Nova Scotia

Halifax libraries close the book on overdue fees

The city's library system is now "fine-free" effective immediately, since existing fines have been forgiven and anyone who was blocked from borrowing can now begin again.

There's still a replacement fee if materials aren't back within 30 days of due date

Halifax Public Libraries will no longer charge late fees. (Submitted by Halifax Central Library)

Halifax Public Libraries has ended the practice of levying fines for overdue materials.

The city's library system is now "fine-free" effective immediately, it said in an announcement Wednesday.

All existing fines have been forgiven, and anyone who was blocked from borrowing due to fines can now begin borrowing again.

"Our community and staff both identified library fines as a source of anxiety and hardship," Åsa Kachan, chief librarian and CEO said in a release. 

"Public libraries and our collections of books and materials belong to the community and we trust the community to care for them and return them when they're done. We want everyone in HRM to use their Library throughout their lifetime without worry of fines."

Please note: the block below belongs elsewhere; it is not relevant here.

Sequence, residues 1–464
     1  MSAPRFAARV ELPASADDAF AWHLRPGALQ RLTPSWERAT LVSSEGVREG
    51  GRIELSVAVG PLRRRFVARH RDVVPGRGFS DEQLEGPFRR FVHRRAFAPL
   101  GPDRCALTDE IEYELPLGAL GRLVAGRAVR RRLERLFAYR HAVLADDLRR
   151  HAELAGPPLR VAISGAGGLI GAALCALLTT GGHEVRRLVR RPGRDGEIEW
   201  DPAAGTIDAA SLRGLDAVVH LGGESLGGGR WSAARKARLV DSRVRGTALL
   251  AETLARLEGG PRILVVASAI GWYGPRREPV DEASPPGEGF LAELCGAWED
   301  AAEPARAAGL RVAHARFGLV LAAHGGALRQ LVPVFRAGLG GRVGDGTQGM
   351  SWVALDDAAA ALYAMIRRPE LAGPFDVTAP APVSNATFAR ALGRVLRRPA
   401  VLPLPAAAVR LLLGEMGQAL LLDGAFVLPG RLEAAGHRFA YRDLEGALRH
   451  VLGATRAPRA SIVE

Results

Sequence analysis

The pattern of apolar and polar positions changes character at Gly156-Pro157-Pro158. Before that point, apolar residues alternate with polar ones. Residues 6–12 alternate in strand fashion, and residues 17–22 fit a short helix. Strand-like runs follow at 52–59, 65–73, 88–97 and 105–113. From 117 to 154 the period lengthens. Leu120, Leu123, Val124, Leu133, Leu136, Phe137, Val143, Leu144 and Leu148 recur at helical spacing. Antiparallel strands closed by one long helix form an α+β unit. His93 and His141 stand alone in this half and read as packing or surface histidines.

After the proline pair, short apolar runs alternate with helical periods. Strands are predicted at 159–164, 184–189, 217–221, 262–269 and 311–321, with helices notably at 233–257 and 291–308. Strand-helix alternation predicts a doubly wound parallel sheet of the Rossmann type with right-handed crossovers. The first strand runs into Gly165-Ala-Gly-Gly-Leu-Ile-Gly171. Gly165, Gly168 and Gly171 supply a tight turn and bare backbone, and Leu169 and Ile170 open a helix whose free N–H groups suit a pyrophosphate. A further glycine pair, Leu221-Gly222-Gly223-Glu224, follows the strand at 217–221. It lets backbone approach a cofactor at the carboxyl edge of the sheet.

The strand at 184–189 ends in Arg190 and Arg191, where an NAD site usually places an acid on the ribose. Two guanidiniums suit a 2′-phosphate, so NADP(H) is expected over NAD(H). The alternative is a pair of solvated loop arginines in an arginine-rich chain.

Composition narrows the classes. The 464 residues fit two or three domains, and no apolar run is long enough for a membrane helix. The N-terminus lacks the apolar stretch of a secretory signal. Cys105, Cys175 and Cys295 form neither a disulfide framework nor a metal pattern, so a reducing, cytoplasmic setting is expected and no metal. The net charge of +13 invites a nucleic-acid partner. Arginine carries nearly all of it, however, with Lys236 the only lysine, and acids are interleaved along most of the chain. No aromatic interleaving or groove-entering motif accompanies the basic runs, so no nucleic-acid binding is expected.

The library's board approved the move in July.

The release said having equitable access to information and technology is more important now than ever. Removing fines makes sure that no one in the community is held back.

Åsa Kachan is the chief librarian and CEO of Halifax Public Libraries. (Craig Paisley/CBC)

This change could bring back library users, or invite in people who have never been users, who stayed away because they were worried about fines.

Hundreds of North American libraries have gone fine-free over the past years, the release said. Books and materials still get returned, and more people use the library.

Revenue from fines makes up less than one per cent of the library's budget, having steadily decreased over the last five years. 

The loss of this small amount of revenue will be absorbed into the existing library operating budget.

"Fines are a barrier that disproportionately affects lower income residents. Overdue fines do not encourage people to return materials; they act as a roadblock to many individuals and families who would benefit the most from lifelong engagement with the Library," Marika Warren, chair of the board's audit and finance committee, said in the release.

However, borrowing periods remain the same and users will still be charged a replacement fee for materials if they are not returned within 30 days of their due date.

Kachan said they have "great trust" in the community" and people have always taken great care in sharing library spaces and the collection.

"We don't expect that to change. The change we expect to see, is a less stressful and more equitable library experience for everyone," she said.